For the uninitiated, the sprint consists of a 750-metre swim, 20-km bike and 5-km run.

Me and my big quadriceps will be cycling for Team Sun. I’ll be putting the pedal to the metal, and testing my mettle.

EdmontonSUN_NewLogo0250What I lack in raw athletic ability, I hope to make up for in sheer guts and determination. It was super-sized cojones that got me into this in the first place. It’ll take that testicular fortitude, along with plenty of heart, to see me through the challenging 20K trek in good time.

My road performance will be flanked by the triathlon prowess of co-workers Nicole Bergot and Derek Van Diest.

Bergot, the Sun’s uber-fit city editor, will start us off in the swim, while Van Diest, an athletic sports reporter affectionately known as DVD, will finish the race off for us with the run.

While I’ve actually never even been to a triathlon, both Bergot and DVD have several tris under their respective belts.

I couldn’t ask for two better teammates. And I’m not just saying that to butter them up in the very likely event that they are forced to carry my sorry carcass across the finish line. Oh gawd, I hope it doesn’t come to that.

Go Team Sun, go!

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Team Sun, from left to right: Nicole Bergot, me and Derek Van Diest.

Of course, Team Sun has some stiff competition in the sprint category from two other media outlets.

Introducing the other guys …

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Ryan Jespersen, Carla Turner and Michele McDougall.

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Meg Morrison, Bob Stauffer and Kyle Chase.

Plus, Team 1260 (Will their team be called Team Team 1260?) has one solo entrant. Jason Gregor, of the Jason Gregor Show, is doing the full-meal deal (swimming, cycling and running) on his own. Show off!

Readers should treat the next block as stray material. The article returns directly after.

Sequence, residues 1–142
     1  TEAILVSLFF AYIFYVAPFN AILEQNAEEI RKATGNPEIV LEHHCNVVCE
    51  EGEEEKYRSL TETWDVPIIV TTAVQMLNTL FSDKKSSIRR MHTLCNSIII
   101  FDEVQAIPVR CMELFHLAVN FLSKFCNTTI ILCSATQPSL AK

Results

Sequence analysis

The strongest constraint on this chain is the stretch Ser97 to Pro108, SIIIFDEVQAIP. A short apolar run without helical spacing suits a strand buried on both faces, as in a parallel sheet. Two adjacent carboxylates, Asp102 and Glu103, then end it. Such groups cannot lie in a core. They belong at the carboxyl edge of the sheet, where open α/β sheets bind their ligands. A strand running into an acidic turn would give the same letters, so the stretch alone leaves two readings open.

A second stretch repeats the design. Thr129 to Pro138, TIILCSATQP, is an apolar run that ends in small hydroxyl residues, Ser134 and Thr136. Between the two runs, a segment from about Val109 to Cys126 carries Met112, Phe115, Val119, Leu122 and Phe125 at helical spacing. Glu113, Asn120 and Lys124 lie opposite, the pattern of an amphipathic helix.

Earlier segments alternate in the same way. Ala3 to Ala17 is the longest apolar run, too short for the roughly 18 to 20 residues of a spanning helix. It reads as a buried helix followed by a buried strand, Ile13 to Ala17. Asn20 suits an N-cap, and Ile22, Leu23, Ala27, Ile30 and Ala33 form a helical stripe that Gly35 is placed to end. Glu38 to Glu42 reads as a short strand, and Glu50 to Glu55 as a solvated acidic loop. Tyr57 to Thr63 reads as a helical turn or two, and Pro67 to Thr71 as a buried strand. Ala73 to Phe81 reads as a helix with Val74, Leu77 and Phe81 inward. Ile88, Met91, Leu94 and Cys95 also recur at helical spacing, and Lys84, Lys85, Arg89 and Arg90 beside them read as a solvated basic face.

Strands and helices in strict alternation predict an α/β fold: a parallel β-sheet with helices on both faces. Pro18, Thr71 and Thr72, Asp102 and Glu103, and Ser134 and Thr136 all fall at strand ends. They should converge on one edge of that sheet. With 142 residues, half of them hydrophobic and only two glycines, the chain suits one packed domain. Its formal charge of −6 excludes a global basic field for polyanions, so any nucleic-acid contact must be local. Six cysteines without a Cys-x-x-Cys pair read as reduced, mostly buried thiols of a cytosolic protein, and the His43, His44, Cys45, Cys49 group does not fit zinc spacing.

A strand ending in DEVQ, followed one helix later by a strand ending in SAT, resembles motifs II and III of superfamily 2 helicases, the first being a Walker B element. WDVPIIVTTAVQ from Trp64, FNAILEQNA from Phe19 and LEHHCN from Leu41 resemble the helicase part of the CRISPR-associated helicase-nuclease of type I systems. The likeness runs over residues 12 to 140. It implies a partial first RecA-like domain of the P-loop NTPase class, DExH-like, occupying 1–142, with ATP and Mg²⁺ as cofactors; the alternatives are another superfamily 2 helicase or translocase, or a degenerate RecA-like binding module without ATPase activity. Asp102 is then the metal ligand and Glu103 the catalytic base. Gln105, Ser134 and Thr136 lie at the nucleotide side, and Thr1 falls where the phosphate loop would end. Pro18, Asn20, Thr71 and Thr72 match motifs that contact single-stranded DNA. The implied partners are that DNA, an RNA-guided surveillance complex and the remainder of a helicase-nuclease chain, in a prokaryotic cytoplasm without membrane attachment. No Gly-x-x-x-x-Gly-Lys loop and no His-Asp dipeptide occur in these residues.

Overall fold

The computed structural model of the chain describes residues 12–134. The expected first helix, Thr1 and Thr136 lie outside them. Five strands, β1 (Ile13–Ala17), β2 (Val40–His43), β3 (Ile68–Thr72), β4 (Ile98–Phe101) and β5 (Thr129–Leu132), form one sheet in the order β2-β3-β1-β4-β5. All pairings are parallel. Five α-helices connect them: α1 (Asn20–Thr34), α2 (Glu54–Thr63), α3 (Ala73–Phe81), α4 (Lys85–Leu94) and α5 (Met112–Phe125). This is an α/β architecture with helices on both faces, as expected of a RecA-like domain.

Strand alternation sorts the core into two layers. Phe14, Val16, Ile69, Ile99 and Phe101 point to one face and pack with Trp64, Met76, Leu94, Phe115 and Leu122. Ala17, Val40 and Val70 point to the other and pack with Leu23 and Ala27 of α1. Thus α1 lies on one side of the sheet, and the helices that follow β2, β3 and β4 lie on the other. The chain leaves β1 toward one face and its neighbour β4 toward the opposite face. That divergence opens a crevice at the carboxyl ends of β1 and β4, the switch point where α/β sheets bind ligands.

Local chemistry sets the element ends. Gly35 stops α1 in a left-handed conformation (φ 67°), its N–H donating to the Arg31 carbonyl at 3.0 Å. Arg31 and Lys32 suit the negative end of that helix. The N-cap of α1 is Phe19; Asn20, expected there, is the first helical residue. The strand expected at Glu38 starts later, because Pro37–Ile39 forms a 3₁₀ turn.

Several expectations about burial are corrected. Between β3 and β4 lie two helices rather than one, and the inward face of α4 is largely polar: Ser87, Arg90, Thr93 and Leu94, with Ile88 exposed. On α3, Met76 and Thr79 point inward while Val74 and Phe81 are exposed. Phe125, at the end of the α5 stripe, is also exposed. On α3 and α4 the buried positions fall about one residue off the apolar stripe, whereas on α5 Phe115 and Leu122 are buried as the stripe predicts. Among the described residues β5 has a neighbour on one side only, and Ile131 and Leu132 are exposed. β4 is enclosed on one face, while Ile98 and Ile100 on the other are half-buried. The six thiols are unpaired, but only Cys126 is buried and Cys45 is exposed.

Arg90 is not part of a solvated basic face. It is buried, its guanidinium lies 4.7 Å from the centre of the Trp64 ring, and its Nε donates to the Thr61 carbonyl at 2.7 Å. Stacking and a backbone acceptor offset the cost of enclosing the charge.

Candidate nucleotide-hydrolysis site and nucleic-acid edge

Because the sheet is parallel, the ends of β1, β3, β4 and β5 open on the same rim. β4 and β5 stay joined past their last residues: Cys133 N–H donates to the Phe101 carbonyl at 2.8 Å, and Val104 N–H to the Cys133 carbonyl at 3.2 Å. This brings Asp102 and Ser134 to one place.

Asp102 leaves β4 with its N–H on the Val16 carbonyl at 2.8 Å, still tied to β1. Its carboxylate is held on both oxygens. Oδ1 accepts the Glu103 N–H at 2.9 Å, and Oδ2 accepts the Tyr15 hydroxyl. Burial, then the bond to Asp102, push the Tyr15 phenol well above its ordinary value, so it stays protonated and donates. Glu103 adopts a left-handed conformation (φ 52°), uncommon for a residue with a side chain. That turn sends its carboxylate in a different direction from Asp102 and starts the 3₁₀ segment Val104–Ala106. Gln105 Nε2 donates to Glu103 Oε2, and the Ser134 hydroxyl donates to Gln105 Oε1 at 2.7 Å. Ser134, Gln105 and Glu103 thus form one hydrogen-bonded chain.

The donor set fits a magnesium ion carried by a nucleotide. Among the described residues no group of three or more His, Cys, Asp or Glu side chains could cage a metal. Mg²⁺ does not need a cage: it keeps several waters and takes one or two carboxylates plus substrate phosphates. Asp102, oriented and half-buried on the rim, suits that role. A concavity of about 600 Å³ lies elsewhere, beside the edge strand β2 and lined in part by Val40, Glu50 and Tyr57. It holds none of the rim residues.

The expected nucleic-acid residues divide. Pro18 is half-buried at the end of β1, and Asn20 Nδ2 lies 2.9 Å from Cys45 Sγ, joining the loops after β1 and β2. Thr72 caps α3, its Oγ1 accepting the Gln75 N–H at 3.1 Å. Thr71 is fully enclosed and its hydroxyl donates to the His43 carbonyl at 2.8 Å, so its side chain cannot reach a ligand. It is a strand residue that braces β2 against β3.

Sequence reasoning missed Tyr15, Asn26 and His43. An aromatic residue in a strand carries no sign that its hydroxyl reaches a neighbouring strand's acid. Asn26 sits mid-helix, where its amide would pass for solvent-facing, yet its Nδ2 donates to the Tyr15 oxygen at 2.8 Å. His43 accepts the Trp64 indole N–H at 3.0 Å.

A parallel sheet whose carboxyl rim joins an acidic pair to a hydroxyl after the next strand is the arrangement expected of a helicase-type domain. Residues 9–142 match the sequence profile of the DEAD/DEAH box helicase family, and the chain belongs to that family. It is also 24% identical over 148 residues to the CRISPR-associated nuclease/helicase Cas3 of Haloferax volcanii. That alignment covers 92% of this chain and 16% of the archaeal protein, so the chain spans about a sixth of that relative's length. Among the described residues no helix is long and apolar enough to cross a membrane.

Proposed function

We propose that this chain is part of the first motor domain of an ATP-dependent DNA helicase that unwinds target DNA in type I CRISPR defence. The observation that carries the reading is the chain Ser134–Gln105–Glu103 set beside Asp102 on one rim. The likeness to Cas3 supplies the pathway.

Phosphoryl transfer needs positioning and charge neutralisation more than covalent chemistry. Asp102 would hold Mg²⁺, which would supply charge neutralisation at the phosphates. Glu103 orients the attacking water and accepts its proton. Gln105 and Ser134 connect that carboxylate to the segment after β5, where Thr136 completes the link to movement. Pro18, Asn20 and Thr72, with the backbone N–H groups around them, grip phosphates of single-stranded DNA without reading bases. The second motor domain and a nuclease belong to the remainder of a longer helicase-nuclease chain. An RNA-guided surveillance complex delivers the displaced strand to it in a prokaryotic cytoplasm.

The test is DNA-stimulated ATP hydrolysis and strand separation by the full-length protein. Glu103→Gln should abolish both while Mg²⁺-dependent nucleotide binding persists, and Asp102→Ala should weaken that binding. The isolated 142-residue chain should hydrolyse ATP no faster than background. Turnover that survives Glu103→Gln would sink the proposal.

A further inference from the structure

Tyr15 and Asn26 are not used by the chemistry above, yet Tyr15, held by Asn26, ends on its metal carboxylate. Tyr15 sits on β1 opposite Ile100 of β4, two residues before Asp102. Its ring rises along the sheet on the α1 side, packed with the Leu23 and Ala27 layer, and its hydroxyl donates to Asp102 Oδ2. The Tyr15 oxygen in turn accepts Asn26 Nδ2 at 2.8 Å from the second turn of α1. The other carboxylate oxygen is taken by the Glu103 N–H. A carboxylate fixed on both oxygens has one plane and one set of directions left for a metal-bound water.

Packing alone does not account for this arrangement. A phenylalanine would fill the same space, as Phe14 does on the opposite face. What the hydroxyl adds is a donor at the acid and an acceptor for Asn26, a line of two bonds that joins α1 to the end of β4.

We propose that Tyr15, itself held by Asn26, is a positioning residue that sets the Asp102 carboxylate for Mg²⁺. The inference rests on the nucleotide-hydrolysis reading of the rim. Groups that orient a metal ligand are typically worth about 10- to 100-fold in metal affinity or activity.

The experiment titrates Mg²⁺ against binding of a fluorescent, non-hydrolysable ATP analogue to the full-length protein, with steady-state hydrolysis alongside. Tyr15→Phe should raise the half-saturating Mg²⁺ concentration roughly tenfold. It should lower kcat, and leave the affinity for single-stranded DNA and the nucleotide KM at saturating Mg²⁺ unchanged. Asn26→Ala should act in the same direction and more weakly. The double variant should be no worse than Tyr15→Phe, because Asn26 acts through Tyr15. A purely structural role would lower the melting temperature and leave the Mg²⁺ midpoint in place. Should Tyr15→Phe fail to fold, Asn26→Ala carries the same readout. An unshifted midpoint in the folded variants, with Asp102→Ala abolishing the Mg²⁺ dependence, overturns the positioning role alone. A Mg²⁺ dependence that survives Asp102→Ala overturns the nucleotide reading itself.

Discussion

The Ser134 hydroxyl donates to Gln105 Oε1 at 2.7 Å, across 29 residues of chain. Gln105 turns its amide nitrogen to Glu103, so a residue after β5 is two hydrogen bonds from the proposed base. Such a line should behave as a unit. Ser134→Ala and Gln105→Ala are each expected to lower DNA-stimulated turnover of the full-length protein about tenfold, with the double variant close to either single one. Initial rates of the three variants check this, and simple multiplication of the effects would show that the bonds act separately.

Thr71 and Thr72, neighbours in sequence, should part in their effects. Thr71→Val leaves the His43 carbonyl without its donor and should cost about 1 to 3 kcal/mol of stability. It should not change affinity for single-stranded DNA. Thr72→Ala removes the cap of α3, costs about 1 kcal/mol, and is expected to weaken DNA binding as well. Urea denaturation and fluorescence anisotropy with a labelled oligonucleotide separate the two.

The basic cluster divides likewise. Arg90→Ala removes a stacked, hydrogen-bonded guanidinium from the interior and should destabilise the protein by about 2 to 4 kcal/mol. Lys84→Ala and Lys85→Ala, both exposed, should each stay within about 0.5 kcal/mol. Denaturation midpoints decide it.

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Jason Gregor

Special thanks to triathlon guru Kevin Clark, of the Edmonton Triathlon Academy, who has been helping to train all of the media entrants over the past six weeks. We’ll soon see how well we’ve followed his training advice.

The action at the 2011 Edmonton ITU Triathlon World Cup gets underway at 8 a.m. July 10, with the media doing battle in the sprint class at 10 a.m.

Click HERE for the schedule.

Come out and cheer us on! Methinks I might need all the help I can get. Sigh.

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Pimp My (Bicycle) Ride

- July 4th, 2011

Check out the bicycle I’ll be riding at this Sunday’s 2011 Edmonton ITU Triathlon World Cup

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Cute and petite. That’s in stark contrast to the beast that will be on it.

Ah, but the colour scheme works well for a member of Team Edmonton Sun — blinding orange with red handle bars (which appear rather pinkish in these photos I snapped moments ago).

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As regular readers of this blog are well aware, I’m cycling for Team Sun (which includes swimmer and city editor Nicole Bergot, and runner and sports scribe Derek Van Diest).

We’re competing against a few other media outlets in the sprint category of the Edmonton triathlon set for July 10 at Hawrelak Park. The last I heard, Team 1260, CTV and Citytv were also putting together teams.

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Anyhoo, my pimped-up bike is on loan to me from a St. Albert athlete with a really cool name — James Dean. I don’t know much else about James right now, other than he’s a really swell guy.

Thanks for letting me borrow your colourful wheels, good sir!

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Last-minute tips pour in as triathlon looms …

- July 4th, 2011

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Six days to go until the 2011 Edmonton ITU Triathlon World Cup and now the last-minute tips are flooding in.

It all started last night with the following timely advice from an always-helpful Edmonton Sun colleague: